Tomorrow is the opening ceremony for the London Summer Olympics and for the women participating in the games, there are many impressive firsts.
All competing nations in the Olympic Games will have female representation for the first time ever thanks to Saudi Arabia’s decision to allow two female athletes to compete in the games (One is a distance runner and the other will compete in the over-78-kilogram category of judo).
This is a milestone for the International Olympic Committee (IOC) as they have been proactively supporting measures to increase women’s participation in the Games, especially from Brunei, Qatar and Saudi Arabia, countries where women have limited rights.
For the first time in history, the US Olympic Team features more women than men – with 269 females and 261 males making up the American team. Of the 269 female athletes, 13 of them are mothers.
And with the addition of women’s boxing, the 2012 Olympic Games will be the first in which women will compete in every sport on the program.
A Long Road
It has been a long road for female athletes to gain eligibility to compete in this elite international sporting event, which was originally founded exclusively for men. Women were initially barred from competing in the first modern Olympics in 1896, but a Greek woman unofficially ran the marathon that year. It wasn’t until 1984 that women competed in Olympic marathons.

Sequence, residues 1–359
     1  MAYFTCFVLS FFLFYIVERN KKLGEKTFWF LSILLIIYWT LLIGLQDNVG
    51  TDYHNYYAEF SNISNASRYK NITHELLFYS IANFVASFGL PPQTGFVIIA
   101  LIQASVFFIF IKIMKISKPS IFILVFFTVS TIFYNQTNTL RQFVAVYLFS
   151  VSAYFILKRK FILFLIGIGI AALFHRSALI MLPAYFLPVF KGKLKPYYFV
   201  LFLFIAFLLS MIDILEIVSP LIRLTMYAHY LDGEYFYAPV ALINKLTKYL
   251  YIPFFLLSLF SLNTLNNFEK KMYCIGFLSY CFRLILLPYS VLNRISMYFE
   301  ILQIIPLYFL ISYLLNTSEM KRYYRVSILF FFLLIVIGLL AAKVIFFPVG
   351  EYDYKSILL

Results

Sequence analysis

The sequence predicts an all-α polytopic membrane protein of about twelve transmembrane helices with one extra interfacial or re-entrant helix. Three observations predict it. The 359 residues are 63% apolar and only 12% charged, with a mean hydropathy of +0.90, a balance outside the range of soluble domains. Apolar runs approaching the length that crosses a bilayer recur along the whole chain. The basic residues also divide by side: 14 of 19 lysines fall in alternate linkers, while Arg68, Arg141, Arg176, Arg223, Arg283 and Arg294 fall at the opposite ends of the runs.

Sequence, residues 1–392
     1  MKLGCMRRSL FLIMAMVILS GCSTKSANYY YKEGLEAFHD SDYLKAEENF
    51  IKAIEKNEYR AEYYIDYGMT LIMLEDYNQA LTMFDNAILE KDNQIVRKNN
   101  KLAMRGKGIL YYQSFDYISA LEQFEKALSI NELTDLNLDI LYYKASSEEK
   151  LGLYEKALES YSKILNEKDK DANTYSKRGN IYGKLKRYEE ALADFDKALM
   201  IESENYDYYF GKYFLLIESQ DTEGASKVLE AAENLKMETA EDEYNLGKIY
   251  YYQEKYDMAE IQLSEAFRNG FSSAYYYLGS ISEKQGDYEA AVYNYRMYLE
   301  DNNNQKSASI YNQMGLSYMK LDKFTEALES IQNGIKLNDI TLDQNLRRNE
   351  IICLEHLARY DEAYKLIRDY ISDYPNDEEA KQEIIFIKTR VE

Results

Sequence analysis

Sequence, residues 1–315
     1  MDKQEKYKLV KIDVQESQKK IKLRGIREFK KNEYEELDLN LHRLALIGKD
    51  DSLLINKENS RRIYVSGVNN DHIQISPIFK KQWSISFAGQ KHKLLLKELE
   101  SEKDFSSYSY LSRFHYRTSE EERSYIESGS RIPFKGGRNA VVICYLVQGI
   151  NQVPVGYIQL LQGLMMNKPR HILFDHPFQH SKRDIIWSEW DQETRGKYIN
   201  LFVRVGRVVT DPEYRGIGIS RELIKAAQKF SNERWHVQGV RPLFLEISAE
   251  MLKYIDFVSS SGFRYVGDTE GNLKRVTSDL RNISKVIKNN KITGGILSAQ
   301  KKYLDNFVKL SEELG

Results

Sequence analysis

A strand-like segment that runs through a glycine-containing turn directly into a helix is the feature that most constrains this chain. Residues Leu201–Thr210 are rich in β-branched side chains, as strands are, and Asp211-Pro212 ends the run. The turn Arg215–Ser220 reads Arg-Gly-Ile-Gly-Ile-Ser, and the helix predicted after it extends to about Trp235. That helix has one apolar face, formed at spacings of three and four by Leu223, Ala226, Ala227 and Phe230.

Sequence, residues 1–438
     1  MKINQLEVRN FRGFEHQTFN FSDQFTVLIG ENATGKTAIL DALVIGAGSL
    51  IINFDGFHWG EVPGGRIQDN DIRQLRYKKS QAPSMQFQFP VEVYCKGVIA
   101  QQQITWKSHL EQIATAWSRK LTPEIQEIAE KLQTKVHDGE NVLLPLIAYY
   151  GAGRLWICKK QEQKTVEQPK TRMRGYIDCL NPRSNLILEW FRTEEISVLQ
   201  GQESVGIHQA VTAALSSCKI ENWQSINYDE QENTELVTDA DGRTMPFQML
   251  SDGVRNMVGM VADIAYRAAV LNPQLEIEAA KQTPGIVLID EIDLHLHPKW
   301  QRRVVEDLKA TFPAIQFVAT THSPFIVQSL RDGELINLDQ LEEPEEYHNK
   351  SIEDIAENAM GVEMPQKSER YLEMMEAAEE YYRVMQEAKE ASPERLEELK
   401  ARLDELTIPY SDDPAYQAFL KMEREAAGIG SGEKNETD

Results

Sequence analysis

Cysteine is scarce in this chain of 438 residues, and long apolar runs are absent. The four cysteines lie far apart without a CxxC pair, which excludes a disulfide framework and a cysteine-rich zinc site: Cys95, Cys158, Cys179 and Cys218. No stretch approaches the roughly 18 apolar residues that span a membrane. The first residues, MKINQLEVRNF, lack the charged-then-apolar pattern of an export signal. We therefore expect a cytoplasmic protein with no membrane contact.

When women were first allowed to compete in the 1900 Olympics in Paris, they were limited to two events: lawn tennis and golf as they were seen as “upper class” sports that could maintain the femininity of the women athletes.
Hard work and determination, not only on the competitive playing fields but also for the progression of women’s athleticism is finally paying off and it’s wonderful to watch this from the sidelines, even before the Games begin.
If we can change the participation of women in the Olympics, we can do the same in other important arenas. I can’t wait to see more women in leadership positions in both politics and business around the world.
There will be many hurdles to gracefully jump over, naysayers to prove wrong, and reputations to uphold and defend to get where we need to be. But the common thread of determination resonates with us all.
As a Gen-Yer, I hope to see the type of female participation that we are about to enjoy in the upcoming Olympic Games for women in many other arenas in countries around the world.
And I’m hoping it will all happen in my lifetime.